Denver Game Shows How 3-4 Became A Sub-Package For Steelers

Against the Broncos on Sunday, the Pittsburgh Steelers defense lined up to face the Broncos offense on 72 plays, excluding field goals and kneel downs, but including penalties, both pre- and post-snap. And in spite of the fact that Peyton Manning has shown a significant physical decline this season, they still greatly respected his throwing ability.

In those 72 plays, the Steelers ran just eight out of their ‘base’ 3-4 defense, with three down linemen and four linebackers on the field. Of course, the traditional look is really no longer their base defense, and this game was a perfect example of that.

On the other 64 plays, Pittsburgh lined up with at least five defensive backs on the field, in spite of the fact that the Broncos were not that far away from a 50/50 split between running and passing. Officially, they ran 71 plays—my numbers include a neutral zone infraction—33 of which were runs, with the other 38 being drop backs, one of which produced a sack.

Of the eight base defense looks, six came against the run. The first time the Steelers reverted to their 3-4 front was on the final drive on the first half after they were able to pin the Broncos back deep. Denver ran on the first two plays, the second of which produced a 34-yard run, and put the 3-4 back on the sideline for the next 14 defensive snaps.

The next time the base defense came up was to start the second drive of the second half. Manning responded by checking into passing plays, the first of which produced a 19-yard gain. An incompletion and a second and 10 play put the nickel defense back on the field.

The only other time the Steelers played their base look was toward the end of the game, after the Broncos had already scored the go ahead, and what would eventually prove to be the game-winning, touchdown.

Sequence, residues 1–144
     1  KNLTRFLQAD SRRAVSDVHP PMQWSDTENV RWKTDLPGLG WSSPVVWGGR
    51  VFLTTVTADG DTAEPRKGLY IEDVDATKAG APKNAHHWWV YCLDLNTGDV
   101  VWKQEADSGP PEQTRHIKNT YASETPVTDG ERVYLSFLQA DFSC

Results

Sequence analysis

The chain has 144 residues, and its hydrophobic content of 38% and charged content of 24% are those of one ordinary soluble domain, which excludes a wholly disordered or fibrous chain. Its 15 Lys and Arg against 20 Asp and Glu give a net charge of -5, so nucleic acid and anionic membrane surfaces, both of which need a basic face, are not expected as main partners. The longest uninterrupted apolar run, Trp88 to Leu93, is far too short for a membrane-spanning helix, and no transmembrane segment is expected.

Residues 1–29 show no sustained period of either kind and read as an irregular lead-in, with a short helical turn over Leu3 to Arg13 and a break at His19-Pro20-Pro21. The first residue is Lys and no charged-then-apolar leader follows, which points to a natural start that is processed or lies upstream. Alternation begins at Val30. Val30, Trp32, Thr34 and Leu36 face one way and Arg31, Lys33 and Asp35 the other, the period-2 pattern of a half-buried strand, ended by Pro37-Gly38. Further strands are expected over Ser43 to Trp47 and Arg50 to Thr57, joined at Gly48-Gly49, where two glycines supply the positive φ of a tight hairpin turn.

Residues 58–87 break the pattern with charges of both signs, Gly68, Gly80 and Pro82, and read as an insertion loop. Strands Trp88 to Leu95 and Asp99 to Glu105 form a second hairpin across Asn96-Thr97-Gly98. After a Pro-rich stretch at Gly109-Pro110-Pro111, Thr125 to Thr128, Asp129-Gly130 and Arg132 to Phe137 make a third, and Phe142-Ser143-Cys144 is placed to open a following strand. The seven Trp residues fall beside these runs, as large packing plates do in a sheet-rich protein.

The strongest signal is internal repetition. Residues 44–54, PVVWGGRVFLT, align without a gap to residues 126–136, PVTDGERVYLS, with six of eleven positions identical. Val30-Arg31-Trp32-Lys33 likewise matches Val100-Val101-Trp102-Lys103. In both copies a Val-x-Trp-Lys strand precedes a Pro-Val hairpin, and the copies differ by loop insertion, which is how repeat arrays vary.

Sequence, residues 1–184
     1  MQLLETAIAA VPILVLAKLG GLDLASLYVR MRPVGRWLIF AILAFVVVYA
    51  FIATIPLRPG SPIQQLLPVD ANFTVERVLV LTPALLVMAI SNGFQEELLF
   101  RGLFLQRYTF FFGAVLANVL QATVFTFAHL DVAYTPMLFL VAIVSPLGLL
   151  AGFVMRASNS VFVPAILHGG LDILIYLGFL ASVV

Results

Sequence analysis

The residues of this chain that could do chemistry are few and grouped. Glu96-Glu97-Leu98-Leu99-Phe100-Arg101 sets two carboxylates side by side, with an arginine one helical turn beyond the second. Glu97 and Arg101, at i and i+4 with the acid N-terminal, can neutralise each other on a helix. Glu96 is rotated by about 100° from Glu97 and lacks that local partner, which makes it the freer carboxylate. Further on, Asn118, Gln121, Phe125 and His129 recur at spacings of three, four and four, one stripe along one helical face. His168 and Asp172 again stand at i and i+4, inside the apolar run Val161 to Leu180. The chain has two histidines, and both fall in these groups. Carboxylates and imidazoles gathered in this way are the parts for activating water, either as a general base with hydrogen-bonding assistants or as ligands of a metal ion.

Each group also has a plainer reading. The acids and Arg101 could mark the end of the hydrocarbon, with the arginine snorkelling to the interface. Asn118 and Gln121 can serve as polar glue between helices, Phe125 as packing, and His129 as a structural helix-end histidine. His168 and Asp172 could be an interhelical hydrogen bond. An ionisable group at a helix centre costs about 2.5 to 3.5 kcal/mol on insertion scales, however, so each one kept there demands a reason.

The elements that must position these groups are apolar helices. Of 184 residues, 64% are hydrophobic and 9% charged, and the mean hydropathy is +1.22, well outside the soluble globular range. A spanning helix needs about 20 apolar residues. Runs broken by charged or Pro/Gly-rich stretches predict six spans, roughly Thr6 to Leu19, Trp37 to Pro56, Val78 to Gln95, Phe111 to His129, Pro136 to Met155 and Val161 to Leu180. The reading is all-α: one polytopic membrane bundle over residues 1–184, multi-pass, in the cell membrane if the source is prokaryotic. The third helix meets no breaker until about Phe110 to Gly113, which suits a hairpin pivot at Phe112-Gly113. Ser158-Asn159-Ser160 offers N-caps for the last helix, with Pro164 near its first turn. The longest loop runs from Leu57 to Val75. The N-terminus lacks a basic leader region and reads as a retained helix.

Pittsburgh go the ball back with three minutes to play, needing a touchdown just to tie the game, but instead, they quickly flamed out, starting the drive with an 18-yard pass, only to follow it up with four straight ‘failed’ plays, culminating in a sack and a turnover on downs at just the 31-yard line.

If the Steelers had any hope of coming back at that point, a defensive stand was essential, and figuring the Broncos would choose to milk the clock, they put their 3-4 defense out on the field in order to stop the run. They did so successfully, preventing any yardage on first and second down and holding the third-and-11 play to a four-yard gain.

Denver went on to kick the field goal—having already started in field goal position—that made it a two-score game, and while the Steelers managed to respond with a field goal of their own, they failed to recover the onside kick, which left just the kneel down to end the game.

On which, technically, Pittsburgh fielded its base defense, which hardly played much of a role in this game, and which has seen decreasing relevance, especially this season. Even facing a three-play goal line stand, the Steelers stuck to their nickel, rather than their 3-4 or even goal line defense. Some of that is the Manning factor, but it should tell you how significant the ‘base’ look now is.

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